Idaho Water Quality Standards Subject to Pending Legal Action

Federal Agencies Fail to review Idaho Clean Water Standards [box] Update May 15, 2013: By letter dated May 13, 2013 NWEA added additional claims to its lawsuit against EPA over its failure to consult under the Endangered Species Act on Idaho water quality standards. [/box] Eighteen years ago the Idaho Department of Environmental Quality submitted changes to its water quality standards to EPA for approval.  These standards, and changes made in the nearly two decades […]

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NWEA Sues EPA for Approving Temperature Clean-Up Plans (TMDLs)

Following the February 2012 federal court ruling in our Temperature Standards lawsuit that Oregon could not automatically change its water quality standards without federal agency approval, NWEA filed a challenge to the results of Oregon’s use of that provision.  All of Oregon’s temperature clean-up plans (called Total Maximum Daily Loads or “TMDLs”) have changed Oregon’s temperature standards without evaluating whether the resulting temperatures are safe for salmon, steelhead, and bull trout.  While Oregon’s standards call […]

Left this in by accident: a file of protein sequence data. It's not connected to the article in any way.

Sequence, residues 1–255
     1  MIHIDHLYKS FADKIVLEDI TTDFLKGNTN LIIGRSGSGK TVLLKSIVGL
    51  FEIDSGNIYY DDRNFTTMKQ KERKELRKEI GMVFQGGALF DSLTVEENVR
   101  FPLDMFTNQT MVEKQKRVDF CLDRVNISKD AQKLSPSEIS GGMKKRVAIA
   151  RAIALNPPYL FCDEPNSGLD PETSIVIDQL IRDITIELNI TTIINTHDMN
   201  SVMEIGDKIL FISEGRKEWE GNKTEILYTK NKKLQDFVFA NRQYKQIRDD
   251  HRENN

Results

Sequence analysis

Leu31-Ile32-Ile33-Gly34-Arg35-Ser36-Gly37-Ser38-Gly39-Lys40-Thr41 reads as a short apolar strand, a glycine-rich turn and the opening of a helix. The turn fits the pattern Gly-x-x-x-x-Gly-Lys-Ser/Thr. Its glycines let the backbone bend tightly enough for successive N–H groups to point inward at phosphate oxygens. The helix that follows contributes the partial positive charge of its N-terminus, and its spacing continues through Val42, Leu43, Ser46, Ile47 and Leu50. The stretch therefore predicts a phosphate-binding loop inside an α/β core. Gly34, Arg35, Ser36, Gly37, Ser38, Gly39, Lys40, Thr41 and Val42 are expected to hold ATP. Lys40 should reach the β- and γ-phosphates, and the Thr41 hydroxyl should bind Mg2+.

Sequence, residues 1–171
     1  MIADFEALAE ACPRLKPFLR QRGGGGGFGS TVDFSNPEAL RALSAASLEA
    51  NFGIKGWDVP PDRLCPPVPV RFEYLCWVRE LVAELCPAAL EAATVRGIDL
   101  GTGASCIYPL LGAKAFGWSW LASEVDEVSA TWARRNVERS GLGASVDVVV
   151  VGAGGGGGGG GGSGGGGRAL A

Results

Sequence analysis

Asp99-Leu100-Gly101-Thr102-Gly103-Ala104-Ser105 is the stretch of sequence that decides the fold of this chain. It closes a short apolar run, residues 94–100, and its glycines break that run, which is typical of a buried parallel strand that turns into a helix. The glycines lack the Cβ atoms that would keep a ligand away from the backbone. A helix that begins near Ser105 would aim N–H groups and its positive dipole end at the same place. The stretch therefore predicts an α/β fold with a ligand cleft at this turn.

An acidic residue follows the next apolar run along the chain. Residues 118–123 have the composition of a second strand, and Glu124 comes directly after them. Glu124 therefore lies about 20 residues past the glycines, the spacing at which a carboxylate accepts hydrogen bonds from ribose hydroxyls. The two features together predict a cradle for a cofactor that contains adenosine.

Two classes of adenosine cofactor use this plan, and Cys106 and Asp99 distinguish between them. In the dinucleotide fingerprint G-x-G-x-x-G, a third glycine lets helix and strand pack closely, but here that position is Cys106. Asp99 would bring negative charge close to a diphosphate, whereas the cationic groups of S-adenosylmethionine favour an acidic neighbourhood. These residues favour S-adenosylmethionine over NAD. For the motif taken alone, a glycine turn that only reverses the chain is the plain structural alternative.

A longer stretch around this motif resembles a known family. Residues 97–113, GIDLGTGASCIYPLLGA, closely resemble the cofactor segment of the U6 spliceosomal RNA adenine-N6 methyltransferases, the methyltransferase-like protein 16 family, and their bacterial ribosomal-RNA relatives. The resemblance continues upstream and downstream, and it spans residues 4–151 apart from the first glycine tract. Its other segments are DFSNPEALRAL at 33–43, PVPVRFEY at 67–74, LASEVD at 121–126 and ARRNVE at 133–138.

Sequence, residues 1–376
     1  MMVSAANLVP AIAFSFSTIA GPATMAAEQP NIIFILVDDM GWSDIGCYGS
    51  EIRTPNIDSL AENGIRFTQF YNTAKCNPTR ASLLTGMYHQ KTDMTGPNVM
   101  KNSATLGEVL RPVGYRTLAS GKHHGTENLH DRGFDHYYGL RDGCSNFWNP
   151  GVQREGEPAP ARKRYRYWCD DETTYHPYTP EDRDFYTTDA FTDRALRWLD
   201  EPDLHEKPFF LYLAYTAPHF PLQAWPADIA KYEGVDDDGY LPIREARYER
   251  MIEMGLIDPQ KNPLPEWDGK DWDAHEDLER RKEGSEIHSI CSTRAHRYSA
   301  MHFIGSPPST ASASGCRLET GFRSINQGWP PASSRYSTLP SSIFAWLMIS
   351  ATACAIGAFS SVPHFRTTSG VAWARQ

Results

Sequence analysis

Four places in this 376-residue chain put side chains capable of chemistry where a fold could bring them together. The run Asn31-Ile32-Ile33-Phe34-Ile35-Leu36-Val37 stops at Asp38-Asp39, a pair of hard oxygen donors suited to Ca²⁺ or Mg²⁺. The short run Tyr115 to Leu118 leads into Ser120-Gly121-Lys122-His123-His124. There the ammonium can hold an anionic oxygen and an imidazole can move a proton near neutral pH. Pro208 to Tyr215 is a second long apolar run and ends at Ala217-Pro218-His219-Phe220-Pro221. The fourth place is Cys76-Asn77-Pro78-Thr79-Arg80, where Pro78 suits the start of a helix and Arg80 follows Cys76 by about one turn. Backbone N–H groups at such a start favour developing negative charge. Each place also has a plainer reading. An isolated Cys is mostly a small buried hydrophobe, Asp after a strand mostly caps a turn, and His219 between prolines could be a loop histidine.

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Oregon Fails to Control Coastal Nonpoint Source Pollution from Logging and Agriculture

The most persistent source of water pollution in this country comes from nonpoint sources – the logging, farming, and grazing that doesn’t require a Clean Water Act permit to pollute.  While Congress left nonpoint source pollution controls to the states, it passed the Coastal Zone Act Reauthorization Amendments (CZARA) tying states’ receipt of federal grant funds to their nonpoint source controls in coastal watersheds.  NWEA sued the federal agencies that administer the CZARA program.  The […]

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NWEA Files Friend-of-the-Court Brief on Logging Roads Case

The U.S. Supreme Court recently heard arguments on whether industrial logging roads should have Clean Water Act permits like other pollution discharge sources.  After all, we require a wide range of activities that eventually funnel pollution through a pipe or ditch to be covered by stormwater permits.  To support this case, NWEA filed an amicus brief that chronicles the history of Oregon’s failure to protect  water quality from logging from 1998 to the present.

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